Lowenna : Social Worker, Hospital Discharge Team based at Kings College Hospital
I have been employed by Southwark directly in my current role since April 2018. Before that I worked in the hospital discharge team in both St Thomas’ Hospital and Kings as a locum social worker on my return to London after several years working in a variety of specialist social work and management roles in a different local authority.
I wanted to return to front line social work for work/life balance reasons and because I enjoy the direct contact with service users, their families and front-line multidisciplinary team working. I have been provided with ways to develop my career despite not wishing to progress into management roles by being given more complex cases to work with and I have been supported to gain qualifications as a practice educator, which is a role I really enjoy.
I qualified as a social worker in 1984 and have worked for other local authorities, in different settings and in front line, senior practitioner and management roles since then but I have been very happy in my current hospital discharge team role. We have a great team at the hospital. We are supportive of each other and we have a supportive management team as well. The work is fast paced and at times pressured but varied and interesting with real opportunities to make a positive contribution to the lives of the people we work for. It always feels good to know that someone has managed to get home from hospital safely and with the support they need in place. We work well as a team and with the hospital multidisciplinary teams to make that happen..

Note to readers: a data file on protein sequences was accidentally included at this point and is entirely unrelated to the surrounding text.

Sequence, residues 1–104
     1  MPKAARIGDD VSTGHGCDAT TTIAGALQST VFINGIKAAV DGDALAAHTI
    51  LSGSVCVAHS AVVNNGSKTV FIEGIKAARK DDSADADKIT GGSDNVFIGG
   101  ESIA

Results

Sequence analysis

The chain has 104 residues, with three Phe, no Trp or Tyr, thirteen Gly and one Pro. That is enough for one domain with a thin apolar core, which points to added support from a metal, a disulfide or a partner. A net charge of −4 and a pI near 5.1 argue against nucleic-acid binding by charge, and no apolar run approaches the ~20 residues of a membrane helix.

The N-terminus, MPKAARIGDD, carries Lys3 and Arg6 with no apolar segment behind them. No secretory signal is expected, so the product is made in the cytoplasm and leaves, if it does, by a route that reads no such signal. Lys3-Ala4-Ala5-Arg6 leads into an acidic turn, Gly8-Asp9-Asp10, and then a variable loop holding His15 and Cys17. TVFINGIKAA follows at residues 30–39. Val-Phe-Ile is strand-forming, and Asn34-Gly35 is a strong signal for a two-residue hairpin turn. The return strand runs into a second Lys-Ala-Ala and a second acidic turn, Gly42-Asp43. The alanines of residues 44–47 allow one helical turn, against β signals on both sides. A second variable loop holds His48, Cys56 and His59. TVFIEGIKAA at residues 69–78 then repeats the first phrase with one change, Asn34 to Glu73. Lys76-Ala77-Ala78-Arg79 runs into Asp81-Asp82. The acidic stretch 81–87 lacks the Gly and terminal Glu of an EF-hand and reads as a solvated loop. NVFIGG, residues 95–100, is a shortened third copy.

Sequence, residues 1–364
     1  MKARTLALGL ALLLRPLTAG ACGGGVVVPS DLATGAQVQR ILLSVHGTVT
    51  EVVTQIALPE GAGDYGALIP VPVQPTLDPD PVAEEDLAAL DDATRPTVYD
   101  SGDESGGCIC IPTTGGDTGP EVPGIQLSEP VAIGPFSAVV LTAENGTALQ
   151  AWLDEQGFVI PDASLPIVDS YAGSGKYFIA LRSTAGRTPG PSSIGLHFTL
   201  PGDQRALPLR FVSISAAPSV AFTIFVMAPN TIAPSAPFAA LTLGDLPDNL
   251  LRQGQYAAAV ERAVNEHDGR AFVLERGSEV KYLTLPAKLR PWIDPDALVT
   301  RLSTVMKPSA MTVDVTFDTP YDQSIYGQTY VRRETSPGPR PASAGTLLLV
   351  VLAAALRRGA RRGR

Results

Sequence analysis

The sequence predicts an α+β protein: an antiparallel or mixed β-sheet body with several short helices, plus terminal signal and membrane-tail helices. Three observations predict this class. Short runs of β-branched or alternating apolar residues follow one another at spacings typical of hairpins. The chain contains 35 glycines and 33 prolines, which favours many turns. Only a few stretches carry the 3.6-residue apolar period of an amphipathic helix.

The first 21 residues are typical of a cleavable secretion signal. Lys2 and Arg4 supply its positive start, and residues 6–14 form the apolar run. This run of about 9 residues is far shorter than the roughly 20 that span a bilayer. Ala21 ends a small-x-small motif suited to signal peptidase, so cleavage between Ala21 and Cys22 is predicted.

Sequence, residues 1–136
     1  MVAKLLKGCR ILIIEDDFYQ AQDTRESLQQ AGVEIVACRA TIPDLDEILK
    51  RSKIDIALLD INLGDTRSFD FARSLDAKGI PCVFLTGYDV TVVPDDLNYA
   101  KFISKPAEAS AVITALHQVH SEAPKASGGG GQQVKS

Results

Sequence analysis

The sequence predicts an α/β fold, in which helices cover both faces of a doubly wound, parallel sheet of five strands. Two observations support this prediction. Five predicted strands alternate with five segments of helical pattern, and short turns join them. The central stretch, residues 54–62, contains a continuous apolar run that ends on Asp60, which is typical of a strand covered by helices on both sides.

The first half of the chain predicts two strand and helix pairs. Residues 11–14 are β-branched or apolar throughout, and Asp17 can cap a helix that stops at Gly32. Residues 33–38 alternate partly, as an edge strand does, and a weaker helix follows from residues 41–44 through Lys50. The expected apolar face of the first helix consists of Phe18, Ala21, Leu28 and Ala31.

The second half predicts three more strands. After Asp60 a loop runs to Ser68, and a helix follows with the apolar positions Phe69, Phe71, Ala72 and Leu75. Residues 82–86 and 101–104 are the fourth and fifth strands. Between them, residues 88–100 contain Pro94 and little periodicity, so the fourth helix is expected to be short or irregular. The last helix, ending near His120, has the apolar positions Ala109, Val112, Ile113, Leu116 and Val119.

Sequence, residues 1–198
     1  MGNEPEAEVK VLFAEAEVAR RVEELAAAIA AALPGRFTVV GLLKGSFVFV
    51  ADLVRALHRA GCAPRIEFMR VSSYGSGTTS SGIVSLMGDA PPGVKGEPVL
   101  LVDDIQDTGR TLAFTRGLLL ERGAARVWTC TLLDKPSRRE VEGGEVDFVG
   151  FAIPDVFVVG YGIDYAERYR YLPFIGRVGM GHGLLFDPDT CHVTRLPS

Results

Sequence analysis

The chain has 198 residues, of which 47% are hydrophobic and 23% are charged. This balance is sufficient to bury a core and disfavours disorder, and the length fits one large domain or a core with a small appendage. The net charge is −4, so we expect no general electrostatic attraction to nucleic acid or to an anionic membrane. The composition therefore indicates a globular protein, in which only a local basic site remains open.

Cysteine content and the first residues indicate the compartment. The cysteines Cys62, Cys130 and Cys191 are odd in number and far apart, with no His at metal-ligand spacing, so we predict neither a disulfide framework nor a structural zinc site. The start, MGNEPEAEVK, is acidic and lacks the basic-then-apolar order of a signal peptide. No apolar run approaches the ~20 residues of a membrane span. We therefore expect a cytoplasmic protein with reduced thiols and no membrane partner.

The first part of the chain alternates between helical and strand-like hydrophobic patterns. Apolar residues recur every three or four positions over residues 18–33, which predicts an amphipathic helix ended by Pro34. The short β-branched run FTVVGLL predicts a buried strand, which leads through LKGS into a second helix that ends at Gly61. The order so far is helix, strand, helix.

I first arrived in Southwark in the 1980s, as a bit of a wild child, rock’ n’ roller and lived on the Pullens Estate with my musician friends. My son was born in Southwark, at Guys Hospital, and I lived with him, not far from the Pullen Estate where I lived when first arriving in Southwark until he turned 8. After returning to my home of Cornwall and raising my son and daughter whilst working in a variety of social care jobs, spending my time writing and renovating an old derelict tumble down house, I returned to Southwark; having missed London and with my daughter having been accepted to attend a prestigious stage school here.
My first job on returning was at The Southwark Resource Centre. I started as a locum Senior Practitioner there, working with a small team that was focused on reviewing all the people who used the service. This was my first experience of Strengths Based Working albeit by another name as the aim was to support people who had formerly been accustomed to attending a local Day Centre type service to expand their horizons beyond the centre towards engaging more with universal services in the local community. It was challenging and involved supporting people to adjust to change and look beyond what could be more cynically viewed as attempts to cut services towards raising aspirations, confronting discriminatory attitudes and barriers and enabling people to maximise what they could achieve in their lives.
For the first time in years I felt energised and enthusiastic about work and life and I felt as if I had returned home from a long exile. South London had changed while I had been away but familiar reference points remained. The redevelopment of the Elephant and Castle was just beginning. The sky line was altered but The Pullens Estate was still there. Familiar shops and restaurants were still to be found on the Walworth Road. East Street market was still bustling and Arments Pie and Mash shop was still trading. My former neighbours were still there and welcomed me back as if I had never left.